Prof. Naimark has authored a number of books on the subject, including The Russians In Germany: The History Of The Soviet Zone Of Occupation (1995); Stalin’s Genocides (2010); Fires Of Hatred: Ethnic Cleansing In 20th Century Europe (2001).
In view of Russia’s ongoing invasion of Ukraine and military threat to the rest of Europe, Lithuania has re-introduced conscription. Do you believe Russia will invade the Baltics? Will NATO and the US come to our aid if this happens?
Although it is perfectly understandable that people in the Baltic States are extremely anxious about their own security from what’s going on in Ukraine, I believe that fundamentally there is no reason for it. I think that NATO is going to honor its commitment to the Baltic States, and the US will honor its commitment.
The US does not like going to war in Europe anymore, it does not think it should be the one to do so. But my view is that Russian intervention in the Baltics would be seen as crossing the line that has been informally drawn. And that line – if the Russians would cross it – would cause enormous grief for them, and I think they know it. If they do cross that line they would be seriously hurt.
Where exactly is that line?
Let’s assume for a second the Russians move on Mariupol or something happens in Kharkiv. Or they mass troops in such a way that it looks that they may even drive to Kiev. I think that would do it. I am not sure about Mariupol but I do not think we are ready to let Mariupol fall. At least I don’t think we are.
And what would the United States do?
It could be that in such case we would arm Ukrainians first. But the problem with arming Ukrainians is that you have to send the advisors. You have to show them how to use these weapons and to make sure that they are not simply wasted or sold. There is an enormous amount of corruption in Ukraine. Part of the problem is that – and God bless them, I really feel for the Ukrainians – it is a society that does not work well and still has a lot of internal problems and corruption.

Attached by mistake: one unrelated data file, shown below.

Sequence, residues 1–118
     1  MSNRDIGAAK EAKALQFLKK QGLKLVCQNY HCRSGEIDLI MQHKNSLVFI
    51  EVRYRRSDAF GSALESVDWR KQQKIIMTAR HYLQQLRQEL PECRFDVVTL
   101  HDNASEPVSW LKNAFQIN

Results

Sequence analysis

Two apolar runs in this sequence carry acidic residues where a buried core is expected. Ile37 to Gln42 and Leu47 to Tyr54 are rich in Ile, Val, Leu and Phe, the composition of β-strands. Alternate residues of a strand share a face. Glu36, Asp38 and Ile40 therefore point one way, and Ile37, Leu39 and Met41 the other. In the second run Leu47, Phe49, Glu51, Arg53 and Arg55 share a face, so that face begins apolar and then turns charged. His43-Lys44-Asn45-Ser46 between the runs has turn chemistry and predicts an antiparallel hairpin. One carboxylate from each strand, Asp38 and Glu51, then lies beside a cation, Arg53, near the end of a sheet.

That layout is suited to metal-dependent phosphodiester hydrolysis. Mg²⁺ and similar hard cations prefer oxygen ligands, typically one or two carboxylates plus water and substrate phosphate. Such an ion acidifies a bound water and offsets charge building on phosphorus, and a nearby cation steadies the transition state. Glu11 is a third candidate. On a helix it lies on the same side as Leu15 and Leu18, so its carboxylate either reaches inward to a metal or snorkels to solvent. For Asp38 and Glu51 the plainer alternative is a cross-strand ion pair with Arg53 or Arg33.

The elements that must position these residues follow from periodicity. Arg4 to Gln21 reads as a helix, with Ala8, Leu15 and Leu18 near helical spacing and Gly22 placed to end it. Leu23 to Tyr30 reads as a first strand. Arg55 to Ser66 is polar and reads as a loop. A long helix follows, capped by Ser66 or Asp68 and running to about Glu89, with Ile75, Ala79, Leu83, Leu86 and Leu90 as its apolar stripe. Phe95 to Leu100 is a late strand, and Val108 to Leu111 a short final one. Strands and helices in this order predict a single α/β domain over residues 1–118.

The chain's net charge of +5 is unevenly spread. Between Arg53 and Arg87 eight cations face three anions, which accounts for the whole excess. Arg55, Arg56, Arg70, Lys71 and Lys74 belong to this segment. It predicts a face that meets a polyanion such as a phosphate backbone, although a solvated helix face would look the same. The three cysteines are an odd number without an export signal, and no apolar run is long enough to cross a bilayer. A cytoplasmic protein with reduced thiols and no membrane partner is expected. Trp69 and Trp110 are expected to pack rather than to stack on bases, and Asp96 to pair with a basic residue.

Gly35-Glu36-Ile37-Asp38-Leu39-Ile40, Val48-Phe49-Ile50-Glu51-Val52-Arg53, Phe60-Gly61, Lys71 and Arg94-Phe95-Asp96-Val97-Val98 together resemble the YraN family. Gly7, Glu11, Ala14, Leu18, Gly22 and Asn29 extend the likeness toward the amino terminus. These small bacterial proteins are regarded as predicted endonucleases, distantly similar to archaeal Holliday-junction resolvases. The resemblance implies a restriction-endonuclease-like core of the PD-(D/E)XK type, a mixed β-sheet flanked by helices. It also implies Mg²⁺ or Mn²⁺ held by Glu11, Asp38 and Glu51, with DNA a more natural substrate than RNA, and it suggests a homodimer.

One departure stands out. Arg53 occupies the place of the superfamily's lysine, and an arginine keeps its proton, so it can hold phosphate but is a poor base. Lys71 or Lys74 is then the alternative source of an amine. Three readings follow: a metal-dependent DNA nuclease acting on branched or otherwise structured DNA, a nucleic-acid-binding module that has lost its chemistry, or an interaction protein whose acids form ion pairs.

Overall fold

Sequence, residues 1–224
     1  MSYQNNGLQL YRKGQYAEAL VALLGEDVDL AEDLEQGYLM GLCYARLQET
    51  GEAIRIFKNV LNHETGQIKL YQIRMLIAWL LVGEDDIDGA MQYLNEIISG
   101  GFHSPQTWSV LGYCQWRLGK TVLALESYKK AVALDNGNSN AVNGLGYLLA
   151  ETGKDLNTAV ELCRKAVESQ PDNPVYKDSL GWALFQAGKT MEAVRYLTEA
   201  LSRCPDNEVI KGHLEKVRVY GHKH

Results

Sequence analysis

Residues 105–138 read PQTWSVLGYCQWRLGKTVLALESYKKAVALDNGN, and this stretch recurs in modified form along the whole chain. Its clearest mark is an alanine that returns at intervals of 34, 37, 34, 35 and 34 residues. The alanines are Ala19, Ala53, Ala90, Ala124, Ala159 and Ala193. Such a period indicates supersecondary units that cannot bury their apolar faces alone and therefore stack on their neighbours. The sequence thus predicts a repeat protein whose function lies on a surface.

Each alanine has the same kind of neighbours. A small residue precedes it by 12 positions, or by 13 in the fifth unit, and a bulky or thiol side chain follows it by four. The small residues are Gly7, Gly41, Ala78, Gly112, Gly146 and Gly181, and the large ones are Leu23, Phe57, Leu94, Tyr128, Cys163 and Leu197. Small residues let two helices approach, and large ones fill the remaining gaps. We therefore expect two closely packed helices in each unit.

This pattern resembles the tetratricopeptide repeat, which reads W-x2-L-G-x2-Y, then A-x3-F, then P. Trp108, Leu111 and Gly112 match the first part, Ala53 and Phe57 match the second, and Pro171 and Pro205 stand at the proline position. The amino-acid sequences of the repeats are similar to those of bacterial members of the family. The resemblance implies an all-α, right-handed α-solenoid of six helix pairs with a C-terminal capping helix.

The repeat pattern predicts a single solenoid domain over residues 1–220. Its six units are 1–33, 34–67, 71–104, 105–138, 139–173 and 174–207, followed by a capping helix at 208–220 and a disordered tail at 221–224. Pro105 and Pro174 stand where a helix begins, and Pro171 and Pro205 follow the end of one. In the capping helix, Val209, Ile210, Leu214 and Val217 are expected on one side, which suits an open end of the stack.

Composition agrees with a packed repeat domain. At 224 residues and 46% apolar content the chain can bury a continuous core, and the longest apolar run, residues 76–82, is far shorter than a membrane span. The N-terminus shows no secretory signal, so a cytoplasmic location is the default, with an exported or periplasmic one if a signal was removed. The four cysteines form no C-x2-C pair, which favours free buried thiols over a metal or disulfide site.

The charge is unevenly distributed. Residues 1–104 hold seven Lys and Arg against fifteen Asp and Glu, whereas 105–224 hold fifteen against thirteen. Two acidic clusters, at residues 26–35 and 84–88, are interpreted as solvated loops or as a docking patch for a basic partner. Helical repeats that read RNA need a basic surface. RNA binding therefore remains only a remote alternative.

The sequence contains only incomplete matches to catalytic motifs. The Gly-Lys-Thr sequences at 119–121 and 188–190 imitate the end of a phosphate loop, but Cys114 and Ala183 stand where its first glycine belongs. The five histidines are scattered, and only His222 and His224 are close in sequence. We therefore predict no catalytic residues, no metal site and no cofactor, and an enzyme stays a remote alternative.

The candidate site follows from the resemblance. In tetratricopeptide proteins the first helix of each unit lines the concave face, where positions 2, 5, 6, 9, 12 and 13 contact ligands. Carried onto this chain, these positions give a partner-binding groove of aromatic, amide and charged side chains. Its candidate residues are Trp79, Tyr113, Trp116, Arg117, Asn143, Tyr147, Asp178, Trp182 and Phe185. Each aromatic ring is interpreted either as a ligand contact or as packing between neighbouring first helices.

But Russian intervention in the Baltics would be seen as crossing the line and would cause enormous grief for the Russians, and I think they know it. If they do cross that line, they would be seriously hurt.
And one of the reasons is that – and I do not know whether people understand that in the Baltics – Russia is not that strong militarily compared to the US, to NATO. It does not have the equipment, it does not have men, it does not have the ability to fight in the same way.
Yes, they can do damage as they did in Georgia. But kicking around Georgia is like kicking around Panama, and kicking around Ukraine is even easier because even now the Ukrainians still do not have a real army.
I think that the Russians understand perfectly well their strengths and weaknesses. And I think this means that they understand that they cannot – under any circumstances – get involved in a fight that would involve the US and its extensive firepower. This means to me that the Baltic peoples anxiety is perfectly justifiable – given their history one could expect nothing else – but I do not think the danger is real.
Aside from military force there is a strong concern about the dangers of hybrid warfare, of Russian propaganda broadcast to the Russian-speaking populations in the Baltics. What do you think of moves made to restrict such broadcasting on television?
I do not think they should block broadcasts. I think the Baltic States should behave as they have been, that is, like good democracies. This would even improve the loyalty of their populations, Russian and non-Russian. But then again – that does not mean that they should not take action, that they should not get prepared and do nothing. I like the fact that the Lithuanians are reintroducing the draft, they are arming people for a potential fight against the Russians – they should do that, prepare themselves to fight, though ultimately I don’t think they will have to, because the US will honor its commitment to NATO.
How do you understand Putin’s motivation? What is the best historical model against which to measure his decision?